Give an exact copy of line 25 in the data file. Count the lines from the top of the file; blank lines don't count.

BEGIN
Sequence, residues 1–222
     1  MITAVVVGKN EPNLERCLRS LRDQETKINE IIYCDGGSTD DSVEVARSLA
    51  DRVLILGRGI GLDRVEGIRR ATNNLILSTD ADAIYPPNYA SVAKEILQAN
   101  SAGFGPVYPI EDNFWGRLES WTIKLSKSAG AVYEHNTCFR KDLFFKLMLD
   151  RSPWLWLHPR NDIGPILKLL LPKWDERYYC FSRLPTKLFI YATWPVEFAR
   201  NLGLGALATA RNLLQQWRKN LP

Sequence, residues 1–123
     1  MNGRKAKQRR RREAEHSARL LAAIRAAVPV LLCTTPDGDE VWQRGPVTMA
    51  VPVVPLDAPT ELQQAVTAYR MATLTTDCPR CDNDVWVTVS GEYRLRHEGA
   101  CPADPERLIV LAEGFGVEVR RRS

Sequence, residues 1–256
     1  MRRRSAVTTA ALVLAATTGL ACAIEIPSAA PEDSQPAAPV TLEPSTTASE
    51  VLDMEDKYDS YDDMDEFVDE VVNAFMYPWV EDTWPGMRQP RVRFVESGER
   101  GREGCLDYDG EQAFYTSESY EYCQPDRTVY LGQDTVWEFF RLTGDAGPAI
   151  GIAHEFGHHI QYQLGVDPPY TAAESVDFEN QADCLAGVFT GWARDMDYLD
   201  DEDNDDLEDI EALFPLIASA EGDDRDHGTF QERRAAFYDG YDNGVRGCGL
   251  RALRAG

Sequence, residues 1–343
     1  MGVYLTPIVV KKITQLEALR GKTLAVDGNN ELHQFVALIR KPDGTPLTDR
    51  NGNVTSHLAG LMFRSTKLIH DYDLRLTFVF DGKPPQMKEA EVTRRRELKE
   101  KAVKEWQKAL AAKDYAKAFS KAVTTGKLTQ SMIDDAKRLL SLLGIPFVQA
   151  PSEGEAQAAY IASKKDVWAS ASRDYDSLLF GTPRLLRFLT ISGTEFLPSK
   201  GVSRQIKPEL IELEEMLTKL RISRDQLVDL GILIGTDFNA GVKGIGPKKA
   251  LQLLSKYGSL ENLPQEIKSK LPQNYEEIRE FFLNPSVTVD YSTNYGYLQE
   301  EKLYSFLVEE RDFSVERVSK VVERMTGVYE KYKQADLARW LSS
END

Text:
   301  EKLYSFLVEE RDFSVERVSK VVERMTGVYE KYKQADLARW LSS